Archive for January, 2017

Higher Mandated Labor Costs Next Food Industry Challenge

January 20, 2017

As more and more consumers purchase prepared food rather than cook at home, the currently attractive margins for such offerings face mounting challenges.

Not the least are labor costs, which are under pressure from economic and regulatory trends.  Integrating higher labor costs into the pricing algorithm represents the next major challenge for food sector leaders.

Whether a neighborhood deli, central food kitchen, gourmet restaurant, or fast casual franchise the need to find ways of doing more with the same or fewer employees is expected to become more important in 2017.

At all employee levels from mixer, baker, decorator, sales person, many food industry establishments are facing increased labor costs due to higher demand for workers and regulators intent on raising salaries.  While most news stories focus on the situation as one involving fast food outlets or restaurants, the trend also impacts centralized food preparation centers as well.

These latter establishments will also need to deal with not only competition for workers but higher minimum wage floors in many states.  Already some fallout from this trend is being experienced.  Higher salaries were one of the factors for Whole Foods to close three of its key central kitchens in January.

The increased salary cost trend first noted in 2016 is expected to accelerate as the hoped-for economic recovery picks up steam.  With the greater availability of job openings, food purveyors will need to create more attractive industry opportunities.  Pressure from this trend is expected to ramp up towards the end of 2017.

More immediate and with higher personnel costs are new city and state minimum wage floors that are driving hourly rates to $15.  While popular with some voters, these initiatives directly impact the bottom-line of labor intensive sectors like food preparation and delivery.

For the past eight years, labor costs have been held down by the availability of workers in a less than robust economy.  At the same time, this has been occurring when more and more families have opted to bring home prepared meals and pop them in a microwave or convection oven.  The sale prices of these offerings have provided food and supermarket retail outlets with hefty margins.  Some economists now estimate a majority of American families now rely on outside kitchens for their meals.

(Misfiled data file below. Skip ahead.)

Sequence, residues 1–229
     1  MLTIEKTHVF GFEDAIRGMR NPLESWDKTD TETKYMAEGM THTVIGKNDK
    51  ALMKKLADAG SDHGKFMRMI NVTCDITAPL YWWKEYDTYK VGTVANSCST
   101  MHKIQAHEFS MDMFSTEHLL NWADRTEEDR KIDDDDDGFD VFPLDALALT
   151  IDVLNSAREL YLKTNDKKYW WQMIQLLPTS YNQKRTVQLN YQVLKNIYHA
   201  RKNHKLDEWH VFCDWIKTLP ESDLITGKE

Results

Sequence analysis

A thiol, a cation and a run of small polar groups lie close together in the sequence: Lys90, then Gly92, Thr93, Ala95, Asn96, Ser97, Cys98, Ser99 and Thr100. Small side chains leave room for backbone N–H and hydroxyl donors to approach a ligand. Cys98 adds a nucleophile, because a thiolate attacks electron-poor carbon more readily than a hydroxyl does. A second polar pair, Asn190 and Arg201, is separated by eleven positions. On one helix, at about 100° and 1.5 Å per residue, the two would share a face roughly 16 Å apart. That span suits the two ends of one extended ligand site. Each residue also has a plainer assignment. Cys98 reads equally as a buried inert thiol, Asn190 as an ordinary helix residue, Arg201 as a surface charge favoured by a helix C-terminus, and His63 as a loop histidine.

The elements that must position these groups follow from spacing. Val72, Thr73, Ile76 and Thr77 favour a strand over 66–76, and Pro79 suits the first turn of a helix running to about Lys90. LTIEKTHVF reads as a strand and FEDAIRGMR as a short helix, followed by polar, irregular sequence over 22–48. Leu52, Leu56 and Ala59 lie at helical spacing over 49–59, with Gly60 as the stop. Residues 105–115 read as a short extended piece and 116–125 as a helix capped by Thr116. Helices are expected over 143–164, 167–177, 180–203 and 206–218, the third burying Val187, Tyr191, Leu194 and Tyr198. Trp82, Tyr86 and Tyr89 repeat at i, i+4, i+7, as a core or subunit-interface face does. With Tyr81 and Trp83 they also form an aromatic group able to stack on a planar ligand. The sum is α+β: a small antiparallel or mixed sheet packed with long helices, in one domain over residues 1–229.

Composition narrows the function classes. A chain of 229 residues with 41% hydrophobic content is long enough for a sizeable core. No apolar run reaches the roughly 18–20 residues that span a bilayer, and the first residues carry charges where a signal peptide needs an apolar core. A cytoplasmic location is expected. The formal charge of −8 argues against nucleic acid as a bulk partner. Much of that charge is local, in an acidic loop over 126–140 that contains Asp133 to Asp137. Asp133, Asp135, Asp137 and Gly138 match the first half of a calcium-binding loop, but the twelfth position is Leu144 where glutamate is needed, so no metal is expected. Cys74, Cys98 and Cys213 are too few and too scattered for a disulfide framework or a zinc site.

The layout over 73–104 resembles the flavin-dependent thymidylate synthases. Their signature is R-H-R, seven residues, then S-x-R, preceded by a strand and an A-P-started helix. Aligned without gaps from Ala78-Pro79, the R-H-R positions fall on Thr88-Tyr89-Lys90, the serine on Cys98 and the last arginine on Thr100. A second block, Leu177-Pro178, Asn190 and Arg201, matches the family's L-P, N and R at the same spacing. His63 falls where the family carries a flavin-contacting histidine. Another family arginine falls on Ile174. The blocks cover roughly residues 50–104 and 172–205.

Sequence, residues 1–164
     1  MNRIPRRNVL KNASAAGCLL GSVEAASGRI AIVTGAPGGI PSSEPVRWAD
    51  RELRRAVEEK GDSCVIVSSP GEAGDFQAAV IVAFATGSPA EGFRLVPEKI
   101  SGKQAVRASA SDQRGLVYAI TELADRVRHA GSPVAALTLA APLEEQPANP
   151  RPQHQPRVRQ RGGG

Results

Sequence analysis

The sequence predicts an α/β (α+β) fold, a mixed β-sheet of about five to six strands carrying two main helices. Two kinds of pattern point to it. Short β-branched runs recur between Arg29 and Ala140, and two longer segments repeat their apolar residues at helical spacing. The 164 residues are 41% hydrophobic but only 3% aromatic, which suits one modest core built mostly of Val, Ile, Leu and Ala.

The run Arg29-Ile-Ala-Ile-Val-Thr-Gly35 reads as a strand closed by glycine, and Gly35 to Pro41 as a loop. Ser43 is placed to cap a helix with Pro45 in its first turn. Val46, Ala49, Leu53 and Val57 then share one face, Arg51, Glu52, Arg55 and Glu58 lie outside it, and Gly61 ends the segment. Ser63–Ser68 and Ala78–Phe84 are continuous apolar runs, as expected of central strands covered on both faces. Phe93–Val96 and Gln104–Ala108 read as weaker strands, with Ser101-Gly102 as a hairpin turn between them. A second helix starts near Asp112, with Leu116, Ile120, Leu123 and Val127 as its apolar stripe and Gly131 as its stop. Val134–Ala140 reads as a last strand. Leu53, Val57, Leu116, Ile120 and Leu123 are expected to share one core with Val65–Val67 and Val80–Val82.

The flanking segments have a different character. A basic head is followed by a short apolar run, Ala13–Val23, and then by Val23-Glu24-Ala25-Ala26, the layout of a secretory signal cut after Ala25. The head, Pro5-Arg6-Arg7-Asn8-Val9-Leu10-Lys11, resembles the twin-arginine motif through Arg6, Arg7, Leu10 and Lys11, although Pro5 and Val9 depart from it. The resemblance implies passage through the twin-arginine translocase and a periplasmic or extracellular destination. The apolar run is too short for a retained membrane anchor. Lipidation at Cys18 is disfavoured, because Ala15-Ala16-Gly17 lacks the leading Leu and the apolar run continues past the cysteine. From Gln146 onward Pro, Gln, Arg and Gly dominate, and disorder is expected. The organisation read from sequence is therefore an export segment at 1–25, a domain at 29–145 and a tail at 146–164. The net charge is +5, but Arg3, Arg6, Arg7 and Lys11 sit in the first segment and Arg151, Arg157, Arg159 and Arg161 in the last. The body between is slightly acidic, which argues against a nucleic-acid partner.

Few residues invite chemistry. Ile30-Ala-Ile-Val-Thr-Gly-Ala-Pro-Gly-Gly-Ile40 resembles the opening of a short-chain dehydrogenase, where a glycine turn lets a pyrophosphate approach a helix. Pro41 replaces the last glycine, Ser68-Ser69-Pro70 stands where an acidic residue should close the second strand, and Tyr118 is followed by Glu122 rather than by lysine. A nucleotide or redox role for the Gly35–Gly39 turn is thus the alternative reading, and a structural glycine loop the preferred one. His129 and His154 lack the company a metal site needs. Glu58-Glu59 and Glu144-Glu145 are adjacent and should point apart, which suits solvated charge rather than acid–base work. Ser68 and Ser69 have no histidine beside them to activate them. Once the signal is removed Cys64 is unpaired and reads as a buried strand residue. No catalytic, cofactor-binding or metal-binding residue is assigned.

However, in many cases the higher labor costs will be difficult to pass on to customers.  According to Dr. Kenneth E. Lehrer, a Houston, TX based economist, higher labor costs will eat away at 2-4% of margins when average required minimum wages hit $14 as expected in 2018. The full effect of $15 minimum wage requirements will hit in 2020 and beyond.

Given these trends, what can food establishments do to protect margins in 2017?

  • Develop more efficient operations holding the line on employee growth.
  • Introduce strategic distribution programs to reduce costs.
  • Add robotic functions where possible.
  • Install fuel-efficient machinery.
  • Reduce costs of raw materials by using better sourcing strategies.
  • Locate is regulatory friendly municipalities.
  • Better utilize facilities.

As the prepared food industry matures, there will be greater opportunities for expansion.  The key is doing it more efficiently.


Smaller Companies Want More Certainty, Less Affordable Care Act Regulation

January 4, 2017

For many small businesses no matter what size, corporate healthcare plans are tinged with uncertainties entering Donald J. Trump’s presidency.

However, Information Strategies, Inc. (ISI) focus groups and other surveys indicate for smaller companies, $10 to $30 million dollars in sales, there are several provisions that would appear to be most needful of change or repeal.